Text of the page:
OVERVIEW: Lumina Foundation aligns its grantmaking to the foundation's Goal 2025 program, which seeks to "increase the proportion of Americans with high-quality degrees, certificates and other credentials to 60 percent by the year 2025." A signature focus of the foundation is competency-based education, which moves from the credit-hour system to focus instead on programs that help students master job skills, or "competencies."
IP TAKE: Lumina has a $1 billion endowment and a laser focus on wider access to higher education. Most grants are invitation-only, but a small amount of funding is set aside to fund unsolicited proposals.
PROFILE: The Lumina Foundation, based in Indianapolis, is “committed to increasing the proportion of Americans with high-quality degrees, certificates and other credentials to 60 percent by 2025…[by] helping to design and build an equitable, accessible, responsive and accountable higher education system while fostering a national sense of urgency for action.” Under that banner falls its signature program, Goal 2025.
You can get more in-depth detail about Lumina’s Goal 2025 by clicking on the link above or reading the program’s executive summary, but here are some of the highlights:
- Building a “social movement” around Goal 2025;
- Advancing and promoting higher education attainment through state and federal policies and engaging higher ed instutions, employers, and major metro areas;
- Helping academic institutions to create “…new models of student financial support”;
- Creating new credential systems for colleges and universities; and
- Creating new higher ed business and finance models.
To that end, Lumina's 2013-2016 grant-making strategy has focused on “Mobilizing to reach Goal 2025” and “Designing and Building a 21st Century Higher Education System.” Specifically, it seeks to:
- Mobilize higher education institutions, employers, metro areas, and regions to increase student college success and degree attainment and “to encourage broader adoption of Goal 2025”
- Advance state and federal policy for increased college degree attainment
- Create new business and financial models (including for student aid) aid to increase accessibility and affordability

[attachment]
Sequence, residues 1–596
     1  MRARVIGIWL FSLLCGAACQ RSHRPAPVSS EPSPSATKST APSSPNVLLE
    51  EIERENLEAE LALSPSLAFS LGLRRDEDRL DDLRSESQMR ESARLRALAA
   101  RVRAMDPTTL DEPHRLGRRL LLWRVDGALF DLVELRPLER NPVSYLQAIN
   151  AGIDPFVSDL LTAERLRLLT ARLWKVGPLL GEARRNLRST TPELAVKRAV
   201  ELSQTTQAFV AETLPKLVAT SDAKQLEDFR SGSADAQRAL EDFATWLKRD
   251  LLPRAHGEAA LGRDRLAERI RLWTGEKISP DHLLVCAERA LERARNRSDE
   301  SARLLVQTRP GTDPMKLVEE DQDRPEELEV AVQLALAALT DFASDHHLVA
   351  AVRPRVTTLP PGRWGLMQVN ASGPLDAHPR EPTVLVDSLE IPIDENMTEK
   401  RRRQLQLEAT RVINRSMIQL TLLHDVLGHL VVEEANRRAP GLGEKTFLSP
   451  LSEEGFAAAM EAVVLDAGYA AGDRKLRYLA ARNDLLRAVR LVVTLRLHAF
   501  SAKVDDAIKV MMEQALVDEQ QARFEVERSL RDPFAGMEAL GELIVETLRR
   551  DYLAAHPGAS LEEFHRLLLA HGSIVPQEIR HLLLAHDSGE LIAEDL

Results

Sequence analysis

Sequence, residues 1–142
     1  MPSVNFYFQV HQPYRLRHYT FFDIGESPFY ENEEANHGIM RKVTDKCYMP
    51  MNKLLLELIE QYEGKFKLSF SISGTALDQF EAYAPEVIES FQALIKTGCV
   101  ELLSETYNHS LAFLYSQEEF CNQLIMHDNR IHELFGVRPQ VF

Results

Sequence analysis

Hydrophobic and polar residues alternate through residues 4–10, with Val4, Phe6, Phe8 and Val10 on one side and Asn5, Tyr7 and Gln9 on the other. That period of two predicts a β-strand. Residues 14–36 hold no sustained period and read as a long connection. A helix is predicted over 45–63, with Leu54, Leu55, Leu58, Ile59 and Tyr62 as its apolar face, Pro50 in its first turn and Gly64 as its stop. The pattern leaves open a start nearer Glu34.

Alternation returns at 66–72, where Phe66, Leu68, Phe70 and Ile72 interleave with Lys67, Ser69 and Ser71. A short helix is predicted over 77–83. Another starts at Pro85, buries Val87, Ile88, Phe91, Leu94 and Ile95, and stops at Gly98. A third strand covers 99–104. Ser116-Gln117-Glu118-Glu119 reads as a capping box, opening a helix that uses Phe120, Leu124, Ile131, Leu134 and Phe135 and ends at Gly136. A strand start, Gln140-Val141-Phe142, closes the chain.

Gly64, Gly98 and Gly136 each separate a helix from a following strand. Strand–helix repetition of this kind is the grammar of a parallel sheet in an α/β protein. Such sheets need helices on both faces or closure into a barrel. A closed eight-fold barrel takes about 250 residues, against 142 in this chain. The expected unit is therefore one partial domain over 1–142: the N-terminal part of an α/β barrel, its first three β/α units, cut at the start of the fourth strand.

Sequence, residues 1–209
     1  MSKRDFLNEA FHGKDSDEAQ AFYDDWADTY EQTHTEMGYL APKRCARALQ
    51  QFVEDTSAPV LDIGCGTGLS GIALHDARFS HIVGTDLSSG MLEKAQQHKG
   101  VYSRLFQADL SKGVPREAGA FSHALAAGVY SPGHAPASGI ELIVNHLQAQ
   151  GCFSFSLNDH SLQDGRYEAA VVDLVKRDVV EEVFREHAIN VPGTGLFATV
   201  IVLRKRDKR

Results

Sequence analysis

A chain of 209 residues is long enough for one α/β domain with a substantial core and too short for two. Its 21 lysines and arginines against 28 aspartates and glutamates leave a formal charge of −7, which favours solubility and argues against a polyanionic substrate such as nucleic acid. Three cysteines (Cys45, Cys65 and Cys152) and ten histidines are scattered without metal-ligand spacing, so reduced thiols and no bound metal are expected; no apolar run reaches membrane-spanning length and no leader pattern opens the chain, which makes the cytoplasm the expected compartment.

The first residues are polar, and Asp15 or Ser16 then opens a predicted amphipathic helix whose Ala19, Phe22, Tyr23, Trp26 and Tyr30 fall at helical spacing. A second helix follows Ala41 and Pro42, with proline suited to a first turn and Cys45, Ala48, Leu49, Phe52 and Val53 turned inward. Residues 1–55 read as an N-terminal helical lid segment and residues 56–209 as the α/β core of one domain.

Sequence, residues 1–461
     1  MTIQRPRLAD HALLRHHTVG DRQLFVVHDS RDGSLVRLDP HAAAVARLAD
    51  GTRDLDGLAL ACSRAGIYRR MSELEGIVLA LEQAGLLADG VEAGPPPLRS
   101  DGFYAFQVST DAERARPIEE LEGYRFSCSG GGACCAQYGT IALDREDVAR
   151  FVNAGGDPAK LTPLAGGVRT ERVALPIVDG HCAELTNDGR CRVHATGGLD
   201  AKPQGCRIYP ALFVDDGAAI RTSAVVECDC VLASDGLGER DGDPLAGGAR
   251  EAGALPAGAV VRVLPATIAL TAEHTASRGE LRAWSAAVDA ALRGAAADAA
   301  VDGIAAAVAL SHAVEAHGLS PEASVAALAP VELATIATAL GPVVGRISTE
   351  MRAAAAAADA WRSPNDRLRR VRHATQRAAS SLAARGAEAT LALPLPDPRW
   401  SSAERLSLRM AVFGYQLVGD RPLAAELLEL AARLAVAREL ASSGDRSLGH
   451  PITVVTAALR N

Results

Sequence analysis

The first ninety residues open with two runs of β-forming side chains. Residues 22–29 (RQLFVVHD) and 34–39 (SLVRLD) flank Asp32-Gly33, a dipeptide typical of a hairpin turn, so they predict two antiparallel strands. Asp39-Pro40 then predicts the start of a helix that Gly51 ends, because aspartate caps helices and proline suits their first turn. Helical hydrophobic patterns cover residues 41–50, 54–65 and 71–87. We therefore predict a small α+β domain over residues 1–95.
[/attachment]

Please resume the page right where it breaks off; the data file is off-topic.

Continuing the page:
- Create systems of college credentials “defined by learning and competencies rather than time, clear and transparent pathways to students, high-quality learning, and alignment with workforce needs and trends.”
One area where the foundation has placed some of its energies is in technology usage. For example, the foundation highlights online learning, competency-based courses, and digital strategies and tools as integral to the future of education. Recent technology grants have included support for online, self-paced university classes as well as university mentoring of public high school students to attract them into STEM careers.
Yet the most common technology-related grants from Lumina have tended to focus on more and better use of data. Some examples include using data to improve student achievement, inform policy positions, speed up the time to degree completion, and track students’ progress through their postsecondary careers.
Lumina also wants to engage the best minds in the country to serve as thought partners in support of its goal to increase college success and postsecondary degree attainment across the country. As recently as 2013, the foundation's Lumina Fellows program selected experts in public policy and practice issues to collaborate with Lumina staff to advance the foundation's strategic plan by analyzing policy issues and recommending solutions, though the current status of this program is unclear.
For a more comprehensive look at Lumina's funding, recent grants can be searched in the foundation’s grants database.
By and large, Lumina’s grant proposals are accepted by invitation only. That said, the foundation does leave “a modest amount of grant monies for unsolicited inquiries,” and it also “fund[s] open challenges through innocentive.com to engage creative individuals through open innovation in areas that would transform higher education in America.”
If you plan to send an unsolicited letter of inquiry, it can be submitted any time of the year but must be done through a form available on the foundation’s Grant Programs page (be sure to follow the LOI Guidelines).
- Dewayne Mathews, Vice President, Strategy Development
- Tina Gridiron, Senior Strategy Officer
- Candace Brandt, Grants Management Officer